erosion

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See also: Erosion, érosion, and erosión

English[edit]

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Effects of erosion.

Etymology[edit]

From Middle French erosion, from Latin erosio (eating away), derived from erodere.

The first known occurrence in English was in the 1541 translation by Robert Copland of Guy de Chauliac's medical text The Questyonary of Cyrurygens. Copland used erosion to describe how ulcers developed in the mouth. By 1774 'erosion' was used outside medical subjects. Oliver Goldsmith employed the term in the more contemporary geological context, in his book Natural History, with the quote

"Bounds are thus put to the erosion of the earth by water."

Pronunciation[edit]

Noun[edit]

erosion (plural erosions)

  1. (uncountable) The result of having been being worn away or eroded, as by a glacier on rock or the sea on a cliff face.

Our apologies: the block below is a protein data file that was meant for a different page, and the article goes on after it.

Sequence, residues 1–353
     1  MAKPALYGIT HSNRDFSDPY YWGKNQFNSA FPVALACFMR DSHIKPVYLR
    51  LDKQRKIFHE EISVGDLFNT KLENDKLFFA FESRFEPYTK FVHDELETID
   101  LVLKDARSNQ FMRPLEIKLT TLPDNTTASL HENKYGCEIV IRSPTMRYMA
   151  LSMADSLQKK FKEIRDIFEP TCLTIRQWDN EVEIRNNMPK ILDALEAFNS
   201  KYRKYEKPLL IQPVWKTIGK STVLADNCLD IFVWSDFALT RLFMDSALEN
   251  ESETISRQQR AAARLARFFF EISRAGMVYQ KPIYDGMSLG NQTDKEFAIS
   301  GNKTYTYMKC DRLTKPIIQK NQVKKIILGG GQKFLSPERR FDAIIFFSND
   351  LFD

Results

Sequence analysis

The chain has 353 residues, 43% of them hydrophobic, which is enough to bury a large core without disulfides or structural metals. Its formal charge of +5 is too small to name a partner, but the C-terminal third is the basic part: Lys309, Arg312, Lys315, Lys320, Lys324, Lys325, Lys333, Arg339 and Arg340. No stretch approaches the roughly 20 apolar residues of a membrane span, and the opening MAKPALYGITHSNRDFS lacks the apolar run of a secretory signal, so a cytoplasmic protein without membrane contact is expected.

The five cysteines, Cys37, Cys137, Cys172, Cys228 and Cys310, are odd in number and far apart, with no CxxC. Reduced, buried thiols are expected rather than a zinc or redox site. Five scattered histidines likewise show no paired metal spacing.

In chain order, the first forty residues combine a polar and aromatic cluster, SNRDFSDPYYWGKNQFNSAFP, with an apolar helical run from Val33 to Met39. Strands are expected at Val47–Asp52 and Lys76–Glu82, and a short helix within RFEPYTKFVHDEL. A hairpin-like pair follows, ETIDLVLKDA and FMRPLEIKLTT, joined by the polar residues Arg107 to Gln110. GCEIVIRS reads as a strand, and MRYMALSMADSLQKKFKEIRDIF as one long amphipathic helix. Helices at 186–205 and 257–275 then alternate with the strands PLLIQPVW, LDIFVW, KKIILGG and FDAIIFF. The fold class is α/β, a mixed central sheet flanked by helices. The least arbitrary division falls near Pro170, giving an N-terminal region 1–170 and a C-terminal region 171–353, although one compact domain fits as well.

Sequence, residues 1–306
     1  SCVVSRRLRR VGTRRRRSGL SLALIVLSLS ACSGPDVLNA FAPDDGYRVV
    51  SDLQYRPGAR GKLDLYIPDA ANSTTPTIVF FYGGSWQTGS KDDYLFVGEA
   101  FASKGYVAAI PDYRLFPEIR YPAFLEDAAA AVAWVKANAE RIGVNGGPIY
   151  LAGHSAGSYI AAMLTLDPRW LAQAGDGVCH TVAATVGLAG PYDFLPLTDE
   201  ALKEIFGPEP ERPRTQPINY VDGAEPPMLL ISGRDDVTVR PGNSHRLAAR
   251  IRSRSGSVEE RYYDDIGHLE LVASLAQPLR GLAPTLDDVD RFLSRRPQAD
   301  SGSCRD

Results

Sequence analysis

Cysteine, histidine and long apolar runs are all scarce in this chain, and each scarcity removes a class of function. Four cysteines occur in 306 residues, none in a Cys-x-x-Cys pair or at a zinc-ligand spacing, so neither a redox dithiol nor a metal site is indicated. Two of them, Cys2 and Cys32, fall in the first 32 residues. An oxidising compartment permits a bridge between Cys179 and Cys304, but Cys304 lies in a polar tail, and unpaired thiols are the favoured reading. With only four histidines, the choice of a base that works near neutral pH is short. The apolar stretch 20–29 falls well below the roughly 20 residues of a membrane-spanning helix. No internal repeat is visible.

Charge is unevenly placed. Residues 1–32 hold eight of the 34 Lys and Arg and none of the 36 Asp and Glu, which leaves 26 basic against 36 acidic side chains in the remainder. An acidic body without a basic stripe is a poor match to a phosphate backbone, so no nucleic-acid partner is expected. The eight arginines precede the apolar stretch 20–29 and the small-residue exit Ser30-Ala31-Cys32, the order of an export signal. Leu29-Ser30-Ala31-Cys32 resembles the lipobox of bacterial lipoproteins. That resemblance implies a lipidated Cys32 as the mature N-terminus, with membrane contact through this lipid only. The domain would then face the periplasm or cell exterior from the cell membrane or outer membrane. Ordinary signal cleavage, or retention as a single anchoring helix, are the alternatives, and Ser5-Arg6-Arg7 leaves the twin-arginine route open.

• 2012, George Monbiot, Guardian Weekly, August 24, p.20
      Even second-generation biofuels, made from crop wastes or wood, are an environmental disaster, either extending the cultivated area or removing the straw and stovers which protect the soil from erosion and keep carbon and nutrients in the ground.
  2. (uncountable) The changing of a surface by mechanical action, friction, thermal expansion contraction, or impact.
  3. (uncountable) Destruction by abrasive action of fluids.
  4. (mathematics, image processing) One of two fundamental operations in morphological image processing from which all other morphological operations are derived.
  5. (dentistry) Loss of tooth enamel due to non-bacteriogenic chemical processes.
  6. (medicine) A shallow ulceration or lesion, usually involving skin or epithelial tissue.

Derived terms[edit]

Translations[edit]